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Michael Richards

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Michael Richards

Michael Richards
Richards at the 1993 Emmy Awards
Born Michael Anthony Richards
(1949-07-24) July 24, 1949
Culver City, California,[1] U.S.
Occupation Actor, comedian
Years active 1979–present
Spouse(s) Cathleen Lyons (m. 1974–93)[2][3]
Beth Skipp (m. 2010)[4][5]

Michael Anthony Richards (born July 24, 1949) is an American actor, writer and television producer, widely known for his portrayal of Cosmo Kramer on the television sitcom Seinfeld, for which he received the Primetime Emmy Award for Outstanding Supporting Actor in a Comedy Series three times.

Richards began his career as a stand-up comedian, first entering the national spotlight when he was featured on Billy Crystal's first cable TV special. He went on to become a series regular on ABC's Fridays. Prior to Seinfeld, he made numerous guest appearances on a variety of television shows'. His film credits include So I Married an Axe Murderer, Airheads, Young Doctors in Love, Problem Child, Coneheads, UHF, and Trial and Error, one of his few starring roles. During the run of Seinfeld, he made a guest appearance in Mad About You. After Seinfeld, Richards starred in his own sitcom, The Michael Richards Show, which lasted less than one full season.

When Seinfeld ended, Richards returned to stand-up comedy. He incited media furor while performing at the Laugh Factory comedy club in late 2006 after cell phone video was published of him launching into an expletive laced racial tirade primarily directed at a heckling audience member.[6] Subsequent to significant media coverage of the event he announced his retirement from stand-up early in 2007. He appeared as himself in the seventh season of Curb Your Enthusiasm in 2009, acting alongside his fellow cast members for the first time since Seinfeld's finale, as well as parodying his incident at the Laugh Factory.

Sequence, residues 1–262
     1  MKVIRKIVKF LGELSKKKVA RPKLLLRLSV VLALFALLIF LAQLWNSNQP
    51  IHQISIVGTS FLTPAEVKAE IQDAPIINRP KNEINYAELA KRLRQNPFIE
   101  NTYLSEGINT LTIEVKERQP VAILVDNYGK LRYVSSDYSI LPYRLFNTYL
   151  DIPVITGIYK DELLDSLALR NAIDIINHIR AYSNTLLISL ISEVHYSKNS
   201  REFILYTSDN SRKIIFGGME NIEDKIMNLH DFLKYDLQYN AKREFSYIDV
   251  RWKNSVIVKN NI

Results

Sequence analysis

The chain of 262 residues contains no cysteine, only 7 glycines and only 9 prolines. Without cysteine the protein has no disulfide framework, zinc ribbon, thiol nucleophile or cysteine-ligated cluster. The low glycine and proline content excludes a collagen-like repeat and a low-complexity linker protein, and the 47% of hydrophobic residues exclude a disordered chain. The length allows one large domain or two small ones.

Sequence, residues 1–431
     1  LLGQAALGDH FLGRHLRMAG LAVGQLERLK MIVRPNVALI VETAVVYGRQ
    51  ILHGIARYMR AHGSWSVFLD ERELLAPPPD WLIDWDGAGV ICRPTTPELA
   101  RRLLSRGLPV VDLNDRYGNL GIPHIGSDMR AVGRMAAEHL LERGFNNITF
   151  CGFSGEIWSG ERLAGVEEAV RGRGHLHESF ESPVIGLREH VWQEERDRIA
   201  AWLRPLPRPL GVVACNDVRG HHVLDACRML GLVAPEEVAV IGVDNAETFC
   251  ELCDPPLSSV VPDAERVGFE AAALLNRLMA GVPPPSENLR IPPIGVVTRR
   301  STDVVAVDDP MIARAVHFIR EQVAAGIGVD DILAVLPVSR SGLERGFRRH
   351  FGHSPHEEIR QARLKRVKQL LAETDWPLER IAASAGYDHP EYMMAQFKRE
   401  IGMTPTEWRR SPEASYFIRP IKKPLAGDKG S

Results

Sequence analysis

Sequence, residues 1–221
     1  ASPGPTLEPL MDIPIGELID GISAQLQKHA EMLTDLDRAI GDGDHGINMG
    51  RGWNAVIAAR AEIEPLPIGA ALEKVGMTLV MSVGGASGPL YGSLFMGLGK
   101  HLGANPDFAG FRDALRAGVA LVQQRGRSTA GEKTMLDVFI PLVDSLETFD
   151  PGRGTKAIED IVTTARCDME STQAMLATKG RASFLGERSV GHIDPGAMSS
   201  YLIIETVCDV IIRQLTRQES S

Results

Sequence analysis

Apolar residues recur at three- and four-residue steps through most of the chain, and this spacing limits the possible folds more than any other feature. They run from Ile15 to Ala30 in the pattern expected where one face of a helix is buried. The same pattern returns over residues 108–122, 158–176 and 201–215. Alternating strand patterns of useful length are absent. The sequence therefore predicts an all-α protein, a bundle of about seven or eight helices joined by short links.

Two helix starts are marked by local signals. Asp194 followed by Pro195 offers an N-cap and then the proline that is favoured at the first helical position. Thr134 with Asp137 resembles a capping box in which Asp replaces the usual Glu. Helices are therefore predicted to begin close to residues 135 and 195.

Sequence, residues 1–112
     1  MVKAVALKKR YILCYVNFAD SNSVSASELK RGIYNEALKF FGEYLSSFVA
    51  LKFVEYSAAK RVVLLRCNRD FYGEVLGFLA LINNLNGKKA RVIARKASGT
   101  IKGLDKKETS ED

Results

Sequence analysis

In 2013, Richards played the role of Frank in the sitcom Kirstie, co-starring Kirstie Alley and Rhea Perlman.[7]


  • Early life 1
  • Career 2
    • Seinfeld 2.1
    • The Michael Richards Show 2.2
    • Laugh Factory incident 2.3
    • Cameo roles, guest appearances, and film roles 2.4
  • Personal life 3
  • Filmography 4
    • Film 4.1
    • Television 4.2
  • References 5
  • External links 6

Early life

Richards was born in Culver City, California, the son of Phyllis (née Nardozzi), a medical records librarian, and William Richards, an electrical engineer.[8] His father died in a car crash when Michael was two and his mother never remarried.[2]

Richards graduated from Thousand Oaks High School. He was drafted into the United States Army in 1970. He trained as a medic and was stationed in West Germany.[9] After being honorably discharged he used the benefits of the G.I. Bill to enroll in the California Institute of the Arts, and received a BA degree in drama from The Evergreen State College in 1975.[10] He also had a short-lived improv act with Ed Begley, Jr. during this period. Enrolled at Los Angeles Valley College, he continued to appear in student productions.